Appeal from the Order of the Unemployment Compensation Board of Review in case of In Re: Claim of Israel Fuentes, No. B-161019.
E. Craig Kalemjian, Lamb, Windle & McErlane, for petitioner.
Charles G. Hasson, Assistant Attorney General, with him Richard Wagner, Chief Counsel and Edward G. Biester, Jr., Attorney General, for respondent.
Judges Rogers, Blatt and Williams, Jr., sitting as a panel of three. Opinion by Judge Blatt. President Judge Bowman did not participate in the decision in this case.
[ 50 Pa. Commw. Page 547]
Israel Fuentes (claimant) appeals here from an order of the Unemployment Compensation Board of Review (Board) which denied, as untimely filed, his appeal from a referee's decision refusing him unemployment benefits.
[ 50 Pa. Commw. Page 548]
On January 17, 1978, a referee's decision which reversed a Bureau (now Office) of Employment Security (Bureau) award of benefits was mailed to the claimant at his address in Puerto Rico. On February 17, 1978, he filed an appeal to the decision although the statutory fifteen-day appeal period had passed. On March 31, 1978, the Board's secretary sent him a letter informing him that his appeal was untimely but noting that he could request a hearing on the timeliness question within fifteen days. He did not respond. On July 12, 1978, therefore, the Board issued its order dismissing his appeal. The claimant concedes that his appeal was untimely but he requests that it be permitted because he was misled as to his right to appeal by the administrative authorities.
It is true that an untimely appeal will be permitted when there is proof of fraud or its equivalent, i.e., wrongful or negligent conduct of the administrative authorities, Berry v. Unemployment Compensation Board of Review, 33 Pa. Commonwealth Ct. 565, 382 A.2d 487 (1978). It is equally true that the claimant bears the heavy burden of proving such fraud. See Unemployment Compensation Board of Review v. Hart, 22 Pa. Commonwealth Ct. 225, 348 A.2d 497 (1975). Here the claimant contends that the Board's finding that he was not misled or misinformed by the unemployment compensation authorities is in error because there is no evidence upon which it is based. The only evidence on the record, he argues, is to the contrary, i.e., his statement that a Bureau representative told him that he could not appeal and the same representative's notation on his record which reads, "He first reported 1-28-78, was oriented to stop claiming then." While there is no affirmative evidence of record to support the Board's finding, we have previously held that the Commonwealth is not required to present affirmative evidence in a case such as this because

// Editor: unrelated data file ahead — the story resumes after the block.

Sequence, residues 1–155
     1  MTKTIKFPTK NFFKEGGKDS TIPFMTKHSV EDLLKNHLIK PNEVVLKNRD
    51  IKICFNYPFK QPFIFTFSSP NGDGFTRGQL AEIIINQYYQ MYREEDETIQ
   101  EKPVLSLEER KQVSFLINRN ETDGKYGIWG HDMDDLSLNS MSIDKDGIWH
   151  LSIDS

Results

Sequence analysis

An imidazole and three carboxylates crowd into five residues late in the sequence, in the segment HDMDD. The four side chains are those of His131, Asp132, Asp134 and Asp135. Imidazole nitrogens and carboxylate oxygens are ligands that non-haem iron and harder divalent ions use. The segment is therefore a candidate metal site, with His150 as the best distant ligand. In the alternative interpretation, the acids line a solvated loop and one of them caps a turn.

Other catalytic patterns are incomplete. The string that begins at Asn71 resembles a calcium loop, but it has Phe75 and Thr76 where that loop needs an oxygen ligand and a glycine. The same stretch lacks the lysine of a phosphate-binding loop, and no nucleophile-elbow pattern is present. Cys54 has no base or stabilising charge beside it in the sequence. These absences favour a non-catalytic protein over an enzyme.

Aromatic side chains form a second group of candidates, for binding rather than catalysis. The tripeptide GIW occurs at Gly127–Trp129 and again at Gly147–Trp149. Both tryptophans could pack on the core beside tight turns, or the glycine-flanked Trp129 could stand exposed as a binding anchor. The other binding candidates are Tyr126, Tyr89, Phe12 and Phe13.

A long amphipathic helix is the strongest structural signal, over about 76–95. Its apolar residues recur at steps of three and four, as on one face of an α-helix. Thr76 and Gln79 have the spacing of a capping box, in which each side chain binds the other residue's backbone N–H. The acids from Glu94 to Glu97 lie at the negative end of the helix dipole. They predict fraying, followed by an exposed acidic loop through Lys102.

[ 50 Pa. Commw. Page 549]
the finding is supported by the well-established presumption of the regularity of the acts of public administrative officials. Hart, supra. The fact that the claimant presented testimony to the contrary is not dispositive because the Board may reject even uncontradicted evidence of the claimant if it concludes that this testimony is not credible or worthy of belief. See Edelman v. Unemployment Compensation Board of Review, 10 Pa. Commonwealth Ct. 275, 310 A.2d 707 (1973). We do not believe, therefore, that the Board erred in making a finding of fact contrary to the claimant's testimony.
Because the claimant failed to prove the existence of any circumstances which would justify the waiver of the limitations period, the Board ...